This was a week to be grateful for our tremendous sainfoin crop.

It started on Monday with the excitement of seeing a partridge and a brood of eight tiny chicks scuttling along the field margin. At this age the partridge chick is highly dependent on insects for protein and a good start in life. Shifts in UK agriculture over the last 60 years have resulted in a crash of wild partridge populations; principally the effect of insecticides on chick dietary requirements, predation and habitat loss. Sainfoin provides an abundance of insect life, habitat and refuge from predators. 

With the rain we had this week, the farm is also thankful to have June’s cut of sainfoin already ensiled for winter feeding. The rainfall will help the ley come on before another cut is taken.

The first cut of sainfoin happened before flowering, so a tractor’s width margin was left to flower, with the resulting blooms giving us the summer honey we extracted today – and many insects for the partridge chicks, too. Such is its resilience to drought conditions, the sainfoin cut in June has already bounced back and is in mid-flower. The bees are currently enjoying this second bite of the cherry, so if the weather stays warm we might extract a bonus crop of honey in time for our Harvest Festival and the North Cotswold Beekeepers Association Honey Show on 23rd September.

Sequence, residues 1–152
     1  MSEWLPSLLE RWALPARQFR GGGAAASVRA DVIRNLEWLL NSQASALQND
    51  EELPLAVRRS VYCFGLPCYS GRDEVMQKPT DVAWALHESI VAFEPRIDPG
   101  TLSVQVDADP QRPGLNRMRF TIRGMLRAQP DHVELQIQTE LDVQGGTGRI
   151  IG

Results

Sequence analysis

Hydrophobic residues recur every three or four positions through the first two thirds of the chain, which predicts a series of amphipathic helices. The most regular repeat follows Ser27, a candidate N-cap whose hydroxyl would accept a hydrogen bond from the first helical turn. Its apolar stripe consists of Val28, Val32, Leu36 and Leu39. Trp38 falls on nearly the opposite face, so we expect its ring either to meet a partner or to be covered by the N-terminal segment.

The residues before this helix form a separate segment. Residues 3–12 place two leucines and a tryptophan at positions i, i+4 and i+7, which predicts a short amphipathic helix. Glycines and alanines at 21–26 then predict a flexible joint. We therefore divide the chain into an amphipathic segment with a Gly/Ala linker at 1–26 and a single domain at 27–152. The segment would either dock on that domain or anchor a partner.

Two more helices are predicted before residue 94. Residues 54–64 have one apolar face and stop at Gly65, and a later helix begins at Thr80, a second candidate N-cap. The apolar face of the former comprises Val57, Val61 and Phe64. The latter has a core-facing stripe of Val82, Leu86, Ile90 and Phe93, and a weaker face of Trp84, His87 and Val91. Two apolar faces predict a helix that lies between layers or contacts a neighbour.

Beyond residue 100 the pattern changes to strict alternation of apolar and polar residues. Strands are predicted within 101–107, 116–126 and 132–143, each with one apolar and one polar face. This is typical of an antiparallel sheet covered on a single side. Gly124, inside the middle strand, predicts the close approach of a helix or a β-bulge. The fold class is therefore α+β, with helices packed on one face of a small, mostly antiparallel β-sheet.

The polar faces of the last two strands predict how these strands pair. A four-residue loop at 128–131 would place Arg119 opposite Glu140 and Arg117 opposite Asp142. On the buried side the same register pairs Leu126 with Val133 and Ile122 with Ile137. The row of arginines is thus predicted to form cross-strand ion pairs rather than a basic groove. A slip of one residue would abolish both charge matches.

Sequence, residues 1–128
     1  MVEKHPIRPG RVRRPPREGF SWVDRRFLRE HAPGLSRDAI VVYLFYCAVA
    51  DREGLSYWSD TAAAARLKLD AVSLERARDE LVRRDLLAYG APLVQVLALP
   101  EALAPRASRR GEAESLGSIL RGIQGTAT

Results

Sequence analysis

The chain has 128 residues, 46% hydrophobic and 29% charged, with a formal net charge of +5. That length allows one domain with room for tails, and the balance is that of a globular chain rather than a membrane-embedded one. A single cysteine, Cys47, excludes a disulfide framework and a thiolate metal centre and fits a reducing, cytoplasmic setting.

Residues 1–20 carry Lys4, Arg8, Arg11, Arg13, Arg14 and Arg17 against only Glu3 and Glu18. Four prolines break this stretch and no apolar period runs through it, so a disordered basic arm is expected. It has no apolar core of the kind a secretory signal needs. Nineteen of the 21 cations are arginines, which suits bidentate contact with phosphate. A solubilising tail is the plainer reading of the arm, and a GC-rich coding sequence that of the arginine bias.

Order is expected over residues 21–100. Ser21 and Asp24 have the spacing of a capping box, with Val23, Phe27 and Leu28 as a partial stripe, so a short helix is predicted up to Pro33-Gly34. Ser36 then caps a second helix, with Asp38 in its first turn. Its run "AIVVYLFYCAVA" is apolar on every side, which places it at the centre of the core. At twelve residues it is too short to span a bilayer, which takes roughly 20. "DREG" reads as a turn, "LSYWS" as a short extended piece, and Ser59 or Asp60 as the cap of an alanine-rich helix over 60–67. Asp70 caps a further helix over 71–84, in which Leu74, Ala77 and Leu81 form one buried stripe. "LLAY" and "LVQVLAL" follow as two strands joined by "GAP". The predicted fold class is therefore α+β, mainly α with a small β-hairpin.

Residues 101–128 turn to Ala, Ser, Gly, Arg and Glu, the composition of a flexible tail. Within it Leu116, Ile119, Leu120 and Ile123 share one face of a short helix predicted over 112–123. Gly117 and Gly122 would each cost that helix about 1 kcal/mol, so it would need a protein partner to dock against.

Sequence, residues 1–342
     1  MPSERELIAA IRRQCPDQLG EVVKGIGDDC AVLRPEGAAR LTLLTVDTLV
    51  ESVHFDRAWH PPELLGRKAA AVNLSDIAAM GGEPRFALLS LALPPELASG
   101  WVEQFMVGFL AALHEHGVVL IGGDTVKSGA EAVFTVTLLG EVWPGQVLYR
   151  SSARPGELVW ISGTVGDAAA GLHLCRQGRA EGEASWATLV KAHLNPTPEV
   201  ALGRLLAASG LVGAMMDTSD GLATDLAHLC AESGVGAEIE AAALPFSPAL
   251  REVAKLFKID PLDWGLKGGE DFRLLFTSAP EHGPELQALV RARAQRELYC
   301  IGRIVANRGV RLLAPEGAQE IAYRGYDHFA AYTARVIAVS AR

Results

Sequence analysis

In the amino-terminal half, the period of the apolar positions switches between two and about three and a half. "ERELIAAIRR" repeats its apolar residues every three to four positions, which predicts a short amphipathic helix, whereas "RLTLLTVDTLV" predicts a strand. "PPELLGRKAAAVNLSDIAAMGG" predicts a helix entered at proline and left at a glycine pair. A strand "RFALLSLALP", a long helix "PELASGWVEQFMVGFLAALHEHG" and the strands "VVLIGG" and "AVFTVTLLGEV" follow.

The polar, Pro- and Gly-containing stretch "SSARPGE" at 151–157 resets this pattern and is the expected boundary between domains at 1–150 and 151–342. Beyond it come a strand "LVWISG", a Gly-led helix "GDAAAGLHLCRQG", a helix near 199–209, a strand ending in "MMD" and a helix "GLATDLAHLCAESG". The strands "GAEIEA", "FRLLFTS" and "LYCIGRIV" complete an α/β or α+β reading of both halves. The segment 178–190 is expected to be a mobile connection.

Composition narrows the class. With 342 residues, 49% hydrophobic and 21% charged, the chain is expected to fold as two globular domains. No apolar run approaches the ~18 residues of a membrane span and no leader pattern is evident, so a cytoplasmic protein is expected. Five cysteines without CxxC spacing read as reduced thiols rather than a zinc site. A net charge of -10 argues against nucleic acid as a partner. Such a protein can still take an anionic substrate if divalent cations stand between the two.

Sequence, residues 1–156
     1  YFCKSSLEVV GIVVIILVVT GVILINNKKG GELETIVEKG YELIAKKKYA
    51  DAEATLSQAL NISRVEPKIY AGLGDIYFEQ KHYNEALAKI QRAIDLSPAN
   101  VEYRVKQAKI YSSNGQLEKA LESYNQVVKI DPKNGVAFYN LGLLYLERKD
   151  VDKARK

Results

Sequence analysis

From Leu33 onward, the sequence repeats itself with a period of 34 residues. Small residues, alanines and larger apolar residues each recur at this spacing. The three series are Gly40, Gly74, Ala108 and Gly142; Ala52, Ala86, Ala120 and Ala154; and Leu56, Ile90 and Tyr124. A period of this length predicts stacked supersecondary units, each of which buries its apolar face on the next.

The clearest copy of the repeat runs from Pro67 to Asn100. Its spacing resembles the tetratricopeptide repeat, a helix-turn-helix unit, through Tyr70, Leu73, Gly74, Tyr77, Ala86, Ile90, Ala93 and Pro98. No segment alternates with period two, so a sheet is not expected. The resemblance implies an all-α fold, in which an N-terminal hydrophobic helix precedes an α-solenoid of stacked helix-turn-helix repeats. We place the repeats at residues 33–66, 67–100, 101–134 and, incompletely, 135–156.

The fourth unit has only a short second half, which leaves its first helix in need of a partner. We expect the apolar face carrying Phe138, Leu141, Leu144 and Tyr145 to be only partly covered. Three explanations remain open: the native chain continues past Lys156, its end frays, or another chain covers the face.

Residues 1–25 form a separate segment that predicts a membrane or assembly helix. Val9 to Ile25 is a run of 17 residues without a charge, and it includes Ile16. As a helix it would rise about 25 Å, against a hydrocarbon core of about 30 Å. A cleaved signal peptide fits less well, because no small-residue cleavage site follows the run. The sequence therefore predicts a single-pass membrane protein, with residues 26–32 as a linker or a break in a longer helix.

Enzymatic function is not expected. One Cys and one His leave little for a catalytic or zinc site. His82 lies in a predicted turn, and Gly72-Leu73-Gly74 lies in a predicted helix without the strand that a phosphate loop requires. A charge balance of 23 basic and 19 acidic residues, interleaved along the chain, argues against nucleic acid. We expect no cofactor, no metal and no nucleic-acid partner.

Considering the extensive benefits, it is a wonder why more farmers do not commit to growing sainfoin. Having said that, maybe they will, as Richard Smith’s regular vlogs for our charitable collaboration Agricology have proven immensely popular as a learning tool – particularly the establishment and mowing of the ley. We would love to see more farmers take the plunge and grow more chemical-free, fertility-building leys like sainfoin. If not just for our own enjoyment of the beautiful flowering leys and quality meat, for the benefits to the birds and the bees.

This initiative supports the UN Sustainable Development Goals.